US-China trade war: Hong Kong businesses ‘anxious and concerned’ over impact of second round of tariffs, commerce chief Edward Yau says
Secretary for Commerce and Economic Development Edward Yau says second round of tariffs, pending approval by the United States’ Congress, would affect about HK$130 billion worth of Chinese exports to US via Hong Kong – about 2.2 per cent of city’s total exports
Almost half the Chinese exports passing through Hong Kong en route to the US would be affected by another round of tariffs in the ongoing trade war, the city’s commerce chief has said.
After meeting with major trade associations on Monday, Secretary for Commerce and Economic Development Edward Yau Tang-wah said that a second round of tariffs, proposed by the United States, would affect about HK$130 billion worth of Chinese exports to the US via Hong Kong – about 2.2 per cent of the city’s total exports.
Following tit-for-tat tariffs on US$34 billion worth of goods on July 6, the US announced a 10 per cent levy on another US$200 billion worth of Chinese goods last Tuesday, pending congressional approval.
“While no single company is being hit hard at the moment, they are anxious and concerned,” Yau said.
“A tariff of 25 per cent, or even 10 per cent, is no small sum in the cost of business. Somehow this cost will have to be passed on either to the production side or the consumer side. In any case, I think Hong Kong as a major trading centre will be hit hard. So we need to be vigilant.”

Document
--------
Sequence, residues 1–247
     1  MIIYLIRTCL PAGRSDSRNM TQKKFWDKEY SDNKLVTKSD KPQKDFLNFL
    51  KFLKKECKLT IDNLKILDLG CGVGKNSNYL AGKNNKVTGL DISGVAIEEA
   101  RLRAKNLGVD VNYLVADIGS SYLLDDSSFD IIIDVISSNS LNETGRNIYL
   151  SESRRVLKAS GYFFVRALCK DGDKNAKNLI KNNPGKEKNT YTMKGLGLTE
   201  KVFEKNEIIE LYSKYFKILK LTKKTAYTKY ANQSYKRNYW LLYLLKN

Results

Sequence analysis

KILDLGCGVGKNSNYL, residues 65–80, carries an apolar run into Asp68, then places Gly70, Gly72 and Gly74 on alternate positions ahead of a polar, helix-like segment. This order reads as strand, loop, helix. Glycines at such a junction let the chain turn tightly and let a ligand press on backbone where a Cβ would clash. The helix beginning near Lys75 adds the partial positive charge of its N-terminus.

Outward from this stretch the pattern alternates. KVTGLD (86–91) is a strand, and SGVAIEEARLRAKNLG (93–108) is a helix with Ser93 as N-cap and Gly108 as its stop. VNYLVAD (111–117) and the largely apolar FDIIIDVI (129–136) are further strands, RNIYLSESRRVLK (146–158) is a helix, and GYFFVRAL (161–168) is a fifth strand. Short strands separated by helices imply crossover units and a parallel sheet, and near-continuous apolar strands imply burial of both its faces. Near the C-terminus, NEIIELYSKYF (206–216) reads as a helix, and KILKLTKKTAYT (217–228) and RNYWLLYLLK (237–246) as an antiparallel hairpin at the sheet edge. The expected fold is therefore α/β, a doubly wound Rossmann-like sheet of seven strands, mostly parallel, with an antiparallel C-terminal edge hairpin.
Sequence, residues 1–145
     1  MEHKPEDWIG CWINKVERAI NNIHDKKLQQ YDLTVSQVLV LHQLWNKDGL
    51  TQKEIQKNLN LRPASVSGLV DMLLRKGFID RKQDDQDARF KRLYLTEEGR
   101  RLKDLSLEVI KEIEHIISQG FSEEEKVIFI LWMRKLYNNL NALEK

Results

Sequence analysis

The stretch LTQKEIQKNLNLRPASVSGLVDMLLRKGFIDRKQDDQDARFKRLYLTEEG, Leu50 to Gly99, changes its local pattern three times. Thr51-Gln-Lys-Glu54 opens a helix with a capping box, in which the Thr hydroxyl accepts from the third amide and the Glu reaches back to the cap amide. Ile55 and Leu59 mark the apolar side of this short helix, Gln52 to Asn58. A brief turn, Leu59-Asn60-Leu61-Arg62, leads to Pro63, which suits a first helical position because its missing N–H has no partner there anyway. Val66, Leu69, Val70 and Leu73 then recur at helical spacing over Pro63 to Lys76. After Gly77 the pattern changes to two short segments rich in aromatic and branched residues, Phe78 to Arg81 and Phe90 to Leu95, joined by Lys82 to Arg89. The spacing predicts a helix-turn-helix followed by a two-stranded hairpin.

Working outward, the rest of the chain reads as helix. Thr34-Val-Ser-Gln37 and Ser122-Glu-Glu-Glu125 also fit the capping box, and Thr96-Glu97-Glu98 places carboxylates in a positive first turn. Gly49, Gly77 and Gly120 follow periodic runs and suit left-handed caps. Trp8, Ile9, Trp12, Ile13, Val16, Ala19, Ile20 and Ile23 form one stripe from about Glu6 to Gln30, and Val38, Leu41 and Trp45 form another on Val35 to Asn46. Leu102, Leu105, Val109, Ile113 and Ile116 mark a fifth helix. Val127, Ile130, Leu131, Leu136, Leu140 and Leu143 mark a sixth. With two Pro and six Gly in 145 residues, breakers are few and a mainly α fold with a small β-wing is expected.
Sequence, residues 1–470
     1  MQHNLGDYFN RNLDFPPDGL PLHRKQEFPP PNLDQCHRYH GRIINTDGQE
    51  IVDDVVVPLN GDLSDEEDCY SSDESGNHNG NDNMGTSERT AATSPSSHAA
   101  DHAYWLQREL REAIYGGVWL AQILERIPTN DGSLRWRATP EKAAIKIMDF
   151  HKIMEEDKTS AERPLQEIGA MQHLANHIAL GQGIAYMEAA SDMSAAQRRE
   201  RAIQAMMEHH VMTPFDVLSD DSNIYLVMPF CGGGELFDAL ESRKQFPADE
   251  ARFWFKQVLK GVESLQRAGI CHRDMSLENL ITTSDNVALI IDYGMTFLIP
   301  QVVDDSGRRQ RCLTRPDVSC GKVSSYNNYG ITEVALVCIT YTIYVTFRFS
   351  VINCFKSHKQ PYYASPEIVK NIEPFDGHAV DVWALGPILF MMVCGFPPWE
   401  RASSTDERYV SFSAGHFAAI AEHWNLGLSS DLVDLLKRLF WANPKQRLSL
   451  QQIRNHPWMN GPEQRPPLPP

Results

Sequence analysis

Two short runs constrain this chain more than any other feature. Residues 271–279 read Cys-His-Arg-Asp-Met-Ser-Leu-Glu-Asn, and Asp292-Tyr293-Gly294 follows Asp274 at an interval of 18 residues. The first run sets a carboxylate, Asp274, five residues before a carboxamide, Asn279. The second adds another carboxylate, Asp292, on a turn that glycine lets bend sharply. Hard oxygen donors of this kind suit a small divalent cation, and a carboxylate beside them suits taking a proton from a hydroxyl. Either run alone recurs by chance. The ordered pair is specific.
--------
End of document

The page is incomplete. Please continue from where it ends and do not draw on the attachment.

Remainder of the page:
Yau said the tariffs were likely to directly affect about 0.1 to 0.2 per cent of the city’s gross domestic product, although the long-term impact remained difficult to estimate at this stage.
He said the Export Credit Insurance Corporation would help with extra coverage for exporters, while some government funds would be made available for smaller firms to ease their financing needs if banks tightened lending requirements.
Dennis Ng Wang-pun, president of the Chinese Manufacturers’ Association – one of Hong Kong’s most influential business groups – said many businesses were worried that the second round of tariffs would drive US importers of Chinese goods to other markets, leading to losses of otherwise stable orders.
“Products made in China are often not unique and many other regions can produce these products,” Ng said. “[Losing orders] is what we are most concerned about.”
Federation of Hong Kong Industries chairman Jimmy Kwok Chun-wah said the tariffs could lead to a 10 per cent increase in business costs, most of which would be passed on to US consumers.
Kwok said he hoped the government would help affected businesses seek new markets, particularly in Southeast Asia.
Yau said the government had actively explored market opportunities with the Association of Southeast Asian Nations (Asean) in the past year and signed a free-trade agreement with the nations that would take effect in January next year.
“That will immediately bring down some of the tariffs imposed on us by Asean,” Yau said. “That will offer a timely attraction to industries and investments to take advantage of Asean.”